Style: Hard Rock
Release Date: 15 Feb 2019
Sites: Facebook | Instagram | twitter | Wikipedia | YouTube
Like Razzmattazz, Electric Mary have an overt fondness for old AC/DC and the vocal style of Rusty Brown has quite a few similarities to that of Bon Scott. Just listen to the phrasing on Gimme Love and Hold Onto What You Got! Unlike Razzmattazz, however, they're nowhere near being clones and there's heck of a lot more to their sound than just those ever-influential early AC/DC albums.
In fact, it evolves throughout the album, though that bluesy rock base in the Bon Scott era AC/DC style never really goes away, even on the tracks that move the furthest into other sounds like It's Alright and Long Long Day, though it gets a lot easier to forget on the latter. There's a hypnotic repetitive riff on the opener, Gimme Love, that marks the differences from the very beginning, but it does get much more overt.
It's the vocals that are different on It's Alright. Brown goes for a modern approach in the verses that's all about the rhythm of the words, somewhat akin to rapping but laid back and still kept firmly in a rock style (and here I'm thinking the approach of say, Billy Joel, in We Didn't Start the Fire, rather than someone like Kid Rock). When the chorus shows up, though it's firmly in the singalong Slade style, which is an odd transition but a good one.
On Long Long Day, it's the music that's most different. This starts out as a slow and doomy song, more metal than hard rock for the first time on Mother. Brown aims for a laid back Robert Plant vocal style (solo-era not Zeppelin) that evolves into more of an Axl Rose as the track heats up and becomes more overt courtesy of the psychedelic echo.
Before we get to that pair, Electric Mary really mix up how they're choosing to interpret that AC/DC influence. Hold Onto What You Got has a Black Crowes kick to it, but that's a very Angus Young solo in the middle. How Do You Do It digs deeper into the blues textbook but there's that Noddy Holder feel to the chorus again. The Way You Make Me Feel reminds of fellow Australians, Jet. I heard some Guess Who in the short album ender, Woman.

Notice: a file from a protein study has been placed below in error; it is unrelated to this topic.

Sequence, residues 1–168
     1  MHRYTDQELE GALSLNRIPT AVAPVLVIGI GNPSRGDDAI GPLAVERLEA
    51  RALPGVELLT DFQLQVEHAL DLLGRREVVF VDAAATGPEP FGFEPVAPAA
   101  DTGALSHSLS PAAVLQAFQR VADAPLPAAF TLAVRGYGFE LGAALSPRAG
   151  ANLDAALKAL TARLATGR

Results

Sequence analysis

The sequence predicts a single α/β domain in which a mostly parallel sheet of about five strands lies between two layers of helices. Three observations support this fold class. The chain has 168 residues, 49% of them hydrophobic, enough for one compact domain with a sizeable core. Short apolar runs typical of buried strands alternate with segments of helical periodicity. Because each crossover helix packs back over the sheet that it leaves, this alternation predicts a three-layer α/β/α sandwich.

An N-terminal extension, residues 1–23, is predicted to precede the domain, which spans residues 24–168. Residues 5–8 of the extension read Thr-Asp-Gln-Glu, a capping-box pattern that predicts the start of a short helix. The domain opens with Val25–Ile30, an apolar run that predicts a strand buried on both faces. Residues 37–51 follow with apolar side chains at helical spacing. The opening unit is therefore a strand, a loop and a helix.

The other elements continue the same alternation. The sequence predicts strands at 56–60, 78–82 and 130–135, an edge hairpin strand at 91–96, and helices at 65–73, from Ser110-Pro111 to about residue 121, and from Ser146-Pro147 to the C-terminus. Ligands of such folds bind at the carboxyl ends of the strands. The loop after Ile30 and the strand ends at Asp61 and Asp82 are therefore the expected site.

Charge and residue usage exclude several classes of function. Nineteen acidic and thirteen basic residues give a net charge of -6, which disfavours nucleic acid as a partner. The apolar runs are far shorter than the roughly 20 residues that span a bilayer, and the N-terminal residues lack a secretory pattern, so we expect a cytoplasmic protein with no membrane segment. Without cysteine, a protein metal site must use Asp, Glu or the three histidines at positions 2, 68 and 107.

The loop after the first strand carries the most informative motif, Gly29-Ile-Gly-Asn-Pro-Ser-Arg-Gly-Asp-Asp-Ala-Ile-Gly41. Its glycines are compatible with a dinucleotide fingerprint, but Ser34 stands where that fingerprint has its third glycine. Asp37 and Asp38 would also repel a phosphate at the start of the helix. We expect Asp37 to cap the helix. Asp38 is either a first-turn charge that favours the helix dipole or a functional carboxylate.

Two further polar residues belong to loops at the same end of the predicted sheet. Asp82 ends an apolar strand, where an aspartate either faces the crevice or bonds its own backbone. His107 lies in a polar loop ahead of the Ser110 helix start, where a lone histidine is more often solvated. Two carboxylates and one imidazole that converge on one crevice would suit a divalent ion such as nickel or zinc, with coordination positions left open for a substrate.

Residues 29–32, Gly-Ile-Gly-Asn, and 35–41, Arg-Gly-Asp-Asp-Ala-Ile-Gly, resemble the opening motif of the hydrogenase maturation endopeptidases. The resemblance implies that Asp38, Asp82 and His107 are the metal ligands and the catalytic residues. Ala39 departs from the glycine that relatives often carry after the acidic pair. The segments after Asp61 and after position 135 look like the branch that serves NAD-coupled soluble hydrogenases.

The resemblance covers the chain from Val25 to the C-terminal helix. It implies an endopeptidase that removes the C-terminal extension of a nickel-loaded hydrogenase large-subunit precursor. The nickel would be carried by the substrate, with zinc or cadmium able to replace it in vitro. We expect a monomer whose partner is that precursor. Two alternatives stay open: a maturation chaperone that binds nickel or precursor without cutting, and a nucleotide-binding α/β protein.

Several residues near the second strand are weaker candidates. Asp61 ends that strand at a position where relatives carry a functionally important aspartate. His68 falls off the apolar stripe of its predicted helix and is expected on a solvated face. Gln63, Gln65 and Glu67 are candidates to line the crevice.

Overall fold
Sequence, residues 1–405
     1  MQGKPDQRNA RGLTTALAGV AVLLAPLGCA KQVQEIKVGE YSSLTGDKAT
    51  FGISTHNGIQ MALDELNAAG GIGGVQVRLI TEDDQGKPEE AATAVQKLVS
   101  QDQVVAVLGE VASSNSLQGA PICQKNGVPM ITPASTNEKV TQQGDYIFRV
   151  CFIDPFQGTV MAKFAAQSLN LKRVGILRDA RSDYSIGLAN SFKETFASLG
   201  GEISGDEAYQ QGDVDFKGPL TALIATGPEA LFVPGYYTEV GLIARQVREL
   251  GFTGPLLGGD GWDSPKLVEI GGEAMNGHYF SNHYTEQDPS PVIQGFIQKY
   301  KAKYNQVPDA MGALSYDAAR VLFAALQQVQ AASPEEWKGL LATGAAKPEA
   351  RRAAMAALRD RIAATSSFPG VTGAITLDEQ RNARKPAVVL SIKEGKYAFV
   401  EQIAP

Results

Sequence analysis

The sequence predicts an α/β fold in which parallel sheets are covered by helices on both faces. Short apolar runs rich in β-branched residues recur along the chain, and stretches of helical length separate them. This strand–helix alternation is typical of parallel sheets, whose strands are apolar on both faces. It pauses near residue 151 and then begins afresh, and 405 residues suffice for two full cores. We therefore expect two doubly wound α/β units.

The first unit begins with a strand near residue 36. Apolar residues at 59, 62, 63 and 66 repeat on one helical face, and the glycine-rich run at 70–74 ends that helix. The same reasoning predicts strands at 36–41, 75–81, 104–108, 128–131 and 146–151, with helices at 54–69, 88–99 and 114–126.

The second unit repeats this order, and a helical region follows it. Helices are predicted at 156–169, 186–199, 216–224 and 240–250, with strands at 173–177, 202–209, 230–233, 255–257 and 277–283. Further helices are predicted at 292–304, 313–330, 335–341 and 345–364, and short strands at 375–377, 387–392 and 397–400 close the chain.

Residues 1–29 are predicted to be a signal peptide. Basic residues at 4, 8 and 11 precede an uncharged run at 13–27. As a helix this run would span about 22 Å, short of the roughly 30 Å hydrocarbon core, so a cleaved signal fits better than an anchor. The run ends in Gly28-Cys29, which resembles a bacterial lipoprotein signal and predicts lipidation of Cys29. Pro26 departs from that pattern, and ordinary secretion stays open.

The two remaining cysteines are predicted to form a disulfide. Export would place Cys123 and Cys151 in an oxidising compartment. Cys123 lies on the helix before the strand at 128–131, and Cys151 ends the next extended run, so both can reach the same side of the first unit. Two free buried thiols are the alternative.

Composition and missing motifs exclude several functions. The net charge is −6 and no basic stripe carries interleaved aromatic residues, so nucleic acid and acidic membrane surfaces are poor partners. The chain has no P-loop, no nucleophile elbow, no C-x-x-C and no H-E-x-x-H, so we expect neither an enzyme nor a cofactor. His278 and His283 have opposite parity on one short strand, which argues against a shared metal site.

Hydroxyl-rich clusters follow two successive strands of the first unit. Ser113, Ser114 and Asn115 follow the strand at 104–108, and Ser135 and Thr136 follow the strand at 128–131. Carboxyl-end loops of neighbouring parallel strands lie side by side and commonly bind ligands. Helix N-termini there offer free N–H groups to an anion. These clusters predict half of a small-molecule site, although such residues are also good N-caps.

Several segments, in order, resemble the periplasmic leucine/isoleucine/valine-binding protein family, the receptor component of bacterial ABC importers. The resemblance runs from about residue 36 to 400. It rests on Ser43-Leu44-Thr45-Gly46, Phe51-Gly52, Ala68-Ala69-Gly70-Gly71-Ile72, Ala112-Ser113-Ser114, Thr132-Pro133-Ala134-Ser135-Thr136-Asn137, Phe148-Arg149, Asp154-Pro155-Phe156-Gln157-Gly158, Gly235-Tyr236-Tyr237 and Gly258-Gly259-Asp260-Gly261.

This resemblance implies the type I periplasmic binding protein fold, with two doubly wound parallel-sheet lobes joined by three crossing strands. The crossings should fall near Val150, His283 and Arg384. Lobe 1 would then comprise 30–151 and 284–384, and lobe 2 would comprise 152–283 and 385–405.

Sorry Baby starts out very much like an AC/DC song in structure but with some completely different tones, so it has a nineties feel even before the vocals show up to emphasise it. From there, it sounds a little like Lynyrd Skynyrd attempting Pearl Jam, which is a bizarre concept but a surprisingly palatable one.
In fact, the whole album plays with quite a lot of different influences. The AC/DC nods merely leap out early and stay in mind, but there's a lot of other stuff here. What makes me pay attention here is that every song on the album sounds different to every other song on the album, but only Long Long Day has the feel of a departure from their core sound.
That Electric Mary manage this without sacrificing quality is a huge deal and it speaks not only to the musicianship, which is incredibly deceptively tight, but to the songwriting too. No wonder they've landed a supporting slot on a lot of big tours!
If there's a downside, it's its length. There are only eight tracks on offer here and, between them, they only just nudge over half an hour. A couple more would have been very welcome indeed, but I'm not going to complain about eight strong tracks just because I'd have liked ten.
This is Electric Mary's fourth studio album and their first in eight years. I haven't heard the first three, so I can't comment on how they've evolved, but clearly I need to pick up the others.